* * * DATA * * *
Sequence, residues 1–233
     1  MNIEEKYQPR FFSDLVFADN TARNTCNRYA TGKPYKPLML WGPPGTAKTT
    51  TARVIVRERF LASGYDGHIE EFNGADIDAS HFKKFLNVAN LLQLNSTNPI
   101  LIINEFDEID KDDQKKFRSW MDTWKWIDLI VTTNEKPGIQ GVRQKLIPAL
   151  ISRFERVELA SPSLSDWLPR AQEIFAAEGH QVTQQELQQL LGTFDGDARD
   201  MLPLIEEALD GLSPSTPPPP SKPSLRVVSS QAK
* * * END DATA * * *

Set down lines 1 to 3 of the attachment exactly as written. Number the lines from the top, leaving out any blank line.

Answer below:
Sequence, residues 1–233
     1  MNIEEKYQPR FFSDLVFADN TARNTCNRYA TGKPYKPLML WGPPGTAKTT
    51  TARVIVRERF LASGYDGHIE EFNGADIDAS HFKKFLNVAN LLQLNSTNPI